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The Social Limits to Equality

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Abstract

On 28 July 1993 three officers from Britain’s Aliens Deportation Group (ADG) arrived at the north London flat of Joy Gardner to deport her. Gardner had been born in Jamaica, but had come to Britain six years earlier. Her mother, Myrna Simpson, had lived in Britain for more than 33 years. Her half-brother, three uncles, and two aunts also lived in Britain. She was married to a British citizen and her son, Graeme, was born in Britain. Under Britain’s immigration laws, however, Gardner was considered to be an ‘illegal immigrant’. The immigration authorities declared her marriage to be fraudulent and imposed a deportation order on her. The officers from the ADG manacled her with leg, arm and body belts, cuffed her hands and bound 13 feet of sticky tape around her body, including seven times around her face. Gardner died from asphyxiation. When the three officers involved were tried for unlawful killing, they were found not guilty. The Daily Mail declared the verdict to be correct because ‘Gardner had no right to be in Britain in the first place’.1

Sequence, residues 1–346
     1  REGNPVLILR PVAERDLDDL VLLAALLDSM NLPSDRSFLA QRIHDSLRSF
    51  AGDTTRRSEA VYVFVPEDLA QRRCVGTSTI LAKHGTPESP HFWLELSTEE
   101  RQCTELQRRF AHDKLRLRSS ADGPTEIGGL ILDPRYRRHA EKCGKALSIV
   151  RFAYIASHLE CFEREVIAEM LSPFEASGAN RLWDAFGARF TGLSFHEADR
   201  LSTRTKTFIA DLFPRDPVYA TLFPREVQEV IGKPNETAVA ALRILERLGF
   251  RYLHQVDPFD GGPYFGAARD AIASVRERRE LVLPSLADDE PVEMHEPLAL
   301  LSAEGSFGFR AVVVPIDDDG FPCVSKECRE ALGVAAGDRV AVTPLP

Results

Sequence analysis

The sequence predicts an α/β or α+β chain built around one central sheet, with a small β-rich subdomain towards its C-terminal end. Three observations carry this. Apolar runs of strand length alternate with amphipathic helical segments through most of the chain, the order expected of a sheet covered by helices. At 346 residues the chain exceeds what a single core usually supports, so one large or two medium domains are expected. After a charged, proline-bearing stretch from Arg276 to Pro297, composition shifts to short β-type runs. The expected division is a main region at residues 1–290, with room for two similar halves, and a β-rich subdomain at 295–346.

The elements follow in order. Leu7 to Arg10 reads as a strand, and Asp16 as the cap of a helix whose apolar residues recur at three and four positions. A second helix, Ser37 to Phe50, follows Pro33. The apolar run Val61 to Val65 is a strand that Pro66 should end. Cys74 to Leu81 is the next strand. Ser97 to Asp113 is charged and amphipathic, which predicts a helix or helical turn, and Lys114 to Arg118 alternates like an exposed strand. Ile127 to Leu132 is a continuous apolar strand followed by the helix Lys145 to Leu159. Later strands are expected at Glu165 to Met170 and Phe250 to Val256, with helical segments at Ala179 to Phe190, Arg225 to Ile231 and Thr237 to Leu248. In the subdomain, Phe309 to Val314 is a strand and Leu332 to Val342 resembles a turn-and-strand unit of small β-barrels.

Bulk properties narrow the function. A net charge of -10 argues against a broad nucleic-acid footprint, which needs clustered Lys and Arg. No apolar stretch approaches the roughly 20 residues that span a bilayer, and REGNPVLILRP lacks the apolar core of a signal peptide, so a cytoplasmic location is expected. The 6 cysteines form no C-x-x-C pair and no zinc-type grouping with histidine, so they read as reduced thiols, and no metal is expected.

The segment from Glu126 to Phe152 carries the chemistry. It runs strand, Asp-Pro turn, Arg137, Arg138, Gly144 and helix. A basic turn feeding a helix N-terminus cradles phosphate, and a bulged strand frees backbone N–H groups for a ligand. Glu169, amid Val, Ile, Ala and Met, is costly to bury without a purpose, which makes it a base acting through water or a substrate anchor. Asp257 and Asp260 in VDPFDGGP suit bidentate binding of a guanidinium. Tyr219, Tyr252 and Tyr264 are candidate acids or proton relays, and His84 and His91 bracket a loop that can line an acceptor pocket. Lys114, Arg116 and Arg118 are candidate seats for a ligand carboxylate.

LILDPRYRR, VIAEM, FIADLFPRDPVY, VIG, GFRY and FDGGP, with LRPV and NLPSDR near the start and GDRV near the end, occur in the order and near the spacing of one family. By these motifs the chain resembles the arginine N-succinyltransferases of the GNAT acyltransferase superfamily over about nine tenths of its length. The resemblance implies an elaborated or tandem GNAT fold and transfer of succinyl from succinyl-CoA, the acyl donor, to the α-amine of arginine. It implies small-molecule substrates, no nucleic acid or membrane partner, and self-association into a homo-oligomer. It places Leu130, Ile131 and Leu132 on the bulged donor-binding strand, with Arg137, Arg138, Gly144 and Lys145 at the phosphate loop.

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© Kenan Malik 1996

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